HOPWA Recipients' Day in Court
Federal Court to Decide if HOPWA Recipients Can Sue Over 30% Rent Cap Law
July 17, 2009
Last Thursday, Housing Works lawyers and co-counsel Matthew Brinckerhoff argued in federal court that approximately 2,200 poor New Yorkers living with AIDS who reside in federally subsidized housing have the right to sue New York State and City over the amount of their income they have to pay toward rent.
The case in question, Rivers v. Doar, was filed as a result of a directive by the Pataki administration in October 2006 that the State would no longer cap rent at 30 percent of income for the 2,200 HIV/AIDS Services Administration clients living in federal Housing Opportunities for Persons with AIDS (HOPWA) and Section 8 housing.
The new policy violated federal law capping rent for such individuals at 30 percent of their income. Housing Works and Brinckerhoff filed for an injunction, which federal court Justice Frederic Block granted just two days before the new policy was to go into effect.
AIDS advocates thought the rent cap issue would be resolved back in 2007, when, thanks to grassroots activist pressure, Eliot Spitzer's new Office of Temporary and Disability Assistance (OTDA) commissioner David Hansell said he would reverse the Pataki-era policy. When settlement negotiations failed, the City and State moved to dismiss the case on various grounds.
Who Can Sue?
A key issue in the Rivers case, upon which Justice Block focused at oral argument, was the question as to whether HOPWA recipients have standing to bring such a case (or, in legal terms, a "private right of action"). Block suggested that HOPWA recipients do not have that right because the HOPWA statute doesn't directly state that individuals have a right to a 30 percent rent cap.
Housing Works attorneys pointed out that a 1987 Supreme Court case found that individuals have the right to sue under the 30 percent cap contained in Section 8 law, and that Congress enacted HOPWA after this decision, mandating that HOPWA copy the Section 8 law, which contains the 30 percent rent cap.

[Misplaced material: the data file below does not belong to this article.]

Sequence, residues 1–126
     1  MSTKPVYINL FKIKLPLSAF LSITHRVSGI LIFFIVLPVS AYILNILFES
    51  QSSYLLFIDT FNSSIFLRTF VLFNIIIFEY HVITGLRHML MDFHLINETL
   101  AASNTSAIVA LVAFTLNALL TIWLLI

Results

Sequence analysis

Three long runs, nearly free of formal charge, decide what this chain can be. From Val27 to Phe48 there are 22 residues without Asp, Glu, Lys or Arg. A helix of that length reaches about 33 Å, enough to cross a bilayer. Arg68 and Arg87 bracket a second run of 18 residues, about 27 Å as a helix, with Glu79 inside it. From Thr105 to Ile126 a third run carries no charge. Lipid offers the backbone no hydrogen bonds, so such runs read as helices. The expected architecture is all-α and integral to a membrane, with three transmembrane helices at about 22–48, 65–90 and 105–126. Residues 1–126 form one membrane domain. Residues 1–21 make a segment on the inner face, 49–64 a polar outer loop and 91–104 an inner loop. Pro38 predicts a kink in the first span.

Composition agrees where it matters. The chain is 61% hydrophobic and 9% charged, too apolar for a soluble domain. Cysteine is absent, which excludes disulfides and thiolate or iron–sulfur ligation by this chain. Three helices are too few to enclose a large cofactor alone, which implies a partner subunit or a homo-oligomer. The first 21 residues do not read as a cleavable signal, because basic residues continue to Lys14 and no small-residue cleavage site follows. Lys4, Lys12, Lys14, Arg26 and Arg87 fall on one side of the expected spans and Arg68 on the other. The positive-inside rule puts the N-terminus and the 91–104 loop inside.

Block was unimpressed by this argument.
"I can rule on this, but you're not going to like my decision," Block told the plaintiffs. He gave the plaintiffs' attorneys a week to submit a brief explaining why HOPWA clients have a right to sue under the act. Housing Works and co-counsel submitted that brief on Wednesday.
"There was some understandable confusion regarding the precise language of the HOPWA statute," Housing Works' Senior Staff Attorney Armen H. Merjian explained, "and Justice Block wondered whether the language mandating that HOPWA follow the Section 8 law had been amended. Thankfully, the controlling law -- which has not been amended -- states that rental assistance under HOPWA should be patterned after Section 8 law, which includes the 30 percent cap that the Supreme Court has ruled does indeed give rise to a private right of action."
Not a Moot Point
Another issue addressed last week was whether the Rivers case is moot because the rent cap is not currently being enforced. City and State officials have stated that they will not violate the 30 percent rent cap, albeit after the injunction was entered prohibiting them from doing so. However, this is a gentleman's agreement that even the attorney for the State admitted might be altered.
"We don't plan to, but as a matter of law we could change the policy," the assistant attorney general said in response to Judge Block's question.
Block appeared skeptical, noting that the policy could be quickly discarded in tough budgetary times.
Block is expected to reach a ruling within the next few months.
photo credit: http://www.flickr.com/photos/joegratz/117048243/
This article was provided by Housing Works. It is a part of the publication Housing Works AIDS Issues Update. Visit Housing Works' website to find out more about their activities, publications and services.
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